Every month Holstein Australia publishes two lists of genomically tested registered females, one being the best females with a first genomic breeding value, the other being the top list of all genomic tested females.
Over the last two years it has been rare to see movement on the top all tested list. On face value that might not be a big deal, but it actually flies in the face of genetic theory. If we are getting things right the newest generation of heifers should be replacing the older cows on this list, as has happened this month.
Welcome Donovans Griff 21017, from the Mann family’s 2,000+ strong Donovan’s Dairy herd in Wye, South Australia, who comes in at number 9 on the overall top cows list, and goes straight to number 1 on the new heifer list, and by quite some margin with a BPI of 342 compared to 317 for the second ranked heifer.
Holstein Australia’s Genetic Improvement and Research Manger, Rohan Butler, believes that Donovans Griff 21017 could be more the rule than the exception.
“While the top cow list has been has been very consistent for some time now, all things being equal, genetic advancement should see daughters performing better than their mothers. I think you’ll find that there are what I would call elite animals out there, we just need to find and test them.”
So why has there been so little movement on this list over the last two years?
Until this month the youngest animal in the top 10 was three years old and average age of the top 10 cows was just over 4.5 years. Donovans Griff 21017’s entry, with a birth date of February this year, lowers this to just less than 4 years.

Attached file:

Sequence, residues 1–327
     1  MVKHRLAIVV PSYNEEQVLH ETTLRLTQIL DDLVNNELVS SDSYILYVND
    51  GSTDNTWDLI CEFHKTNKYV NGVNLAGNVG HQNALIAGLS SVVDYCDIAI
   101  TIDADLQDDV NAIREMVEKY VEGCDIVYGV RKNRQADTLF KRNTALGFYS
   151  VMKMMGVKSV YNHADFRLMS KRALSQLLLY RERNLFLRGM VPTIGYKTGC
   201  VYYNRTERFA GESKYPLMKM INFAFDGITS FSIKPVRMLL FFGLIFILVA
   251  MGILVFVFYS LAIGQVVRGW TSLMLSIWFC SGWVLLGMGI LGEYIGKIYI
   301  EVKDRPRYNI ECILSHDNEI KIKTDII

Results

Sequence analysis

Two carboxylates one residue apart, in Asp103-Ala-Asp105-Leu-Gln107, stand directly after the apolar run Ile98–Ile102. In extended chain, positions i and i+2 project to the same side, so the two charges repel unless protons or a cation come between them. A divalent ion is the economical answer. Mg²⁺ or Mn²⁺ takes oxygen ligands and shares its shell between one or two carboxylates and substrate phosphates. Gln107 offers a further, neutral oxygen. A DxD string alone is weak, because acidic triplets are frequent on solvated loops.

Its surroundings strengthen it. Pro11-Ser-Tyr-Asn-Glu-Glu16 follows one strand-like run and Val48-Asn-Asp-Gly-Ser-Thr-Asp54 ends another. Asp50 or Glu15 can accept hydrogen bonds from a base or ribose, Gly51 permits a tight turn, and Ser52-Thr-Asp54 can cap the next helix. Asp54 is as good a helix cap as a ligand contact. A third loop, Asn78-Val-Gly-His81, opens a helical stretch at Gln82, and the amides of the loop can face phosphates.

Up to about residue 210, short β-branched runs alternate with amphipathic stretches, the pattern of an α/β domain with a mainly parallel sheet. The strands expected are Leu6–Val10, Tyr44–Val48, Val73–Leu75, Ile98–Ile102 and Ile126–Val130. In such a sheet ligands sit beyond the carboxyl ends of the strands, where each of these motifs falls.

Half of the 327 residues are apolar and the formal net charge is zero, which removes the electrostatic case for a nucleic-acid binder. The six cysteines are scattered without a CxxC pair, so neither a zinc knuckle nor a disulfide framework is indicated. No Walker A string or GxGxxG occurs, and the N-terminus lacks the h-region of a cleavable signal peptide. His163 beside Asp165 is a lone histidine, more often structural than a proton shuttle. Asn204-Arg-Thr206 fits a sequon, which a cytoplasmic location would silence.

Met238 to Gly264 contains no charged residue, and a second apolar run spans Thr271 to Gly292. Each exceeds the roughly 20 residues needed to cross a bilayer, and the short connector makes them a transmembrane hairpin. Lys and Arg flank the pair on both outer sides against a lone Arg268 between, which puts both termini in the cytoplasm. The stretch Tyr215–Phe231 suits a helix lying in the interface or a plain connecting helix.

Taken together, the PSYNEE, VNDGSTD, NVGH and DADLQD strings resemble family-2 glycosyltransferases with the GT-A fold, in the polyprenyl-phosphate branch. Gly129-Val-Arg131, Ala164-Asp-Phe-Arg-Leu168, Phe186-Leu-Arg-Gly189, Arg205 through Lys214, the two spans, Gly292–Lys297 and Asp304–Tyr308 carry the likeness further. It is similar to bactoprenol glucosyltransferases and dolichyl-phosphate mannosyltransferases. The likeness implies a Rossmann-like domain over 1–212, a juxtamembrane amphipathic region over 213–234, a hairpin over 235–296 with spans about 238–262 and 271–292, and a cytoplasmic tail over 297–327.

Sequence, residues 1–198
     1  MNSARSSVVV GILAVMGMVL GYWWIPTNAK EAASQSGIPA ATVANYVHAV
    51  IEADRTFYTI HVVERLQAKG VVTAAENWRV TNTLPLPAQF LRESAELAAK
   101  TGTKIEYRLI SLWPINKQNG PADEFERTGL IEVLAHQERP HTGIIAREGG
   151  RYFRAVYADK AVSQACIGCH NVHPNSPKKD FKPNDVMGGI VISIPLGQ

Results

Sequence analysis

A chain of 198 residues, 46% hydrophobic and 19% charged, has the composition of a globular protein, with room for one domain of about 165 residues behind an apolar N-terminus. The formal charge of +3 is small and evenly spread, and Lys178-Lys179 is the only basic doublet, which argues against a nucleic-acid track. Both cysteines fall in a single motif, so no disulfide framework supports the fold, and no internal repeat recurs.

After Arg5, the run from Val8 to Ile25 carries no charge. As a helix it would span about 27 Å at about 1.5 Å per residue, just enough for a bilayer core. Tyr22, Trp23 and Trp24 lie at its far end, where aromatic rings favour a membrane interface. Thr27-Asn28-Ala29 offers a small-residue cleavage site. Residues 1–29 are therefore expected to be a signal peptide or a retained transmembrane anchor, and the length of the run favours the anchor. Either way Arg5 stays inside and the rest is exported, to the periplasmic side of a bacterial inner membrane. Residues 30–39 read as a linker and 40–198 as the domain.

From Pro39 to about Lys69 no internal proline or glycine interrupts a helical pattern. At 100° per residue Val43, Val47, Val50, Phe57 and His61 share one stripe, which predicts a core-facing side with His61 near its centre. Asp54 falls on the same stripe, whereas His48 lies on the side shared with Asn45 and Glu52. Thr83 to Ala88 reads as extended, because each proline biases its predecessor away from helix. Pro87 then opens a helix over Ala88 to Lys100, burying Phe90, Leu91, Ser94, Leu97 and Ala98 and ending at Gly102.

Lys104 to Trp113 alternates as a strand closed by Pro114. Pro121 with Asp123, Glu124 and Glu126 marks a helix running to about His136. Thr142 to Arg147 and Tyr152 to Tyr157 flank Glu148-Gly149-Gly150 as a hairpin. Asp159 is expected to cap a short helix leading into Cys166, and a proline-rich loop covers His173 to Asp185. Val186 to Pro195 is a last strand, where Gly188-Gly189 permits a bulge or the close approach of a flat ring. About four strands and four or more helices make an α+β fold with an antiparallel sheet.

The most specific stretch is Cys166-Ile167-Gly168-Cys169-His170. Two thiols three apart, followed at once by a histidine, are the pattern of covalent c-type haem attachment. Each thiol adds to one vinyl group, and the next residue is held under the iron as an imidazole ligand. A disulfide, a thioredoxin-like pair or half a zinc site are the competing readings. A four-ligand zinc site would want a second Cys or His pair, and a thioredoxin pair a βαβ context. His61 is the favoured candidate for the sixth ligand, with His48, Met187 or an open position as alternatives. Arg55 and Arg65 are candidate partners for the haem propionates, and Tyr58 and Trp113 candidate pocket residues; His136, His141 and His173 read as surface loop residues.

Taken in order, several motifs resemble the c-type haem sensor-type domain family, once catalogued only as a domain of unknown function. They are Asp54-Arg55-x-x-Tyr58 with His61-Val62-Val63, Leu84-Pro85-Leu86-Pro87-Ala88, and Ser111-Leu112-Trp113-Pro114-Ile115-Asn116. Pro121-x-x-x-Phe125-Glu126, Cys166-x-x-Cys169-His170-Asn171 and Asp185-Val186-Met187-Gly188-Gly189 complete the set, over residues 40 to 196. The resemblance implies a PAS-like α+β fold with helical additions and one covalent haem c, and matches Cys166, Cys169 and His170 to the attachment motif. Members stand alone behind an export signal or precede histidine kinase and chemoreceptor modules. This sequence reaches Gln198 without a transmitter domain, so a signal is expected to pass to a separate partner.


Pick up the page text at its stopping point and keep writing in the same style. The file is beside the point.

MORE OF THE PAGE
There are a few things contributing to this the main thing being that additional lactation data has been added to the genomic and parent average contributions to the ABVs. In simple terms, when you add data to an ABV you get additional reliability, the breeding value becomes more accurate, and the system also becomes more confident allowing breeding values to go further from the average.
Of course additional variation can go both ways but when these top end cows perform well they move up. Witness Purnim MVP Shasnah-ET who has moved up nine places (and 30 points overall BPI) from just outside the top 10 to #2 cow behind long established #1 Glomar Goldwyn Lucky 4319-ET.
“To get young heifers to be better than their mothers, we need bulls that are also as good if not better than the female side of the pedigree,” says Rohan.
“The calves we are seeing born now are the result of the bulls that were available 12 months ago and born 12 months minimum before that. The average of the top 10 bulls that fit this criterion is 347 BPI. Even when joined to the top cow at 392 the parent average is 369. Which means significant punch above parent average is require to beat mums number.
“But we might be at the point where we can expect to see more change in the top cows. The addition of lactation data will always see a few heifers rise up the list (and some fall) this is a constant. More importantly, the bulls are catching the cows.
“We now have a top bull at above 400 and the average of the top 10 is 350 so that group of elite bulls is slowly catching up on the elite cows. This coupled with increased rates of genomic testing will soon see heifers with parent averages in the range of 350-370 being tested. Once tested some of these may go up on their parent average and knock some of the older cows off.
“Donovan’s Griff 21017 might just be the start of a stampede,” says Rohan.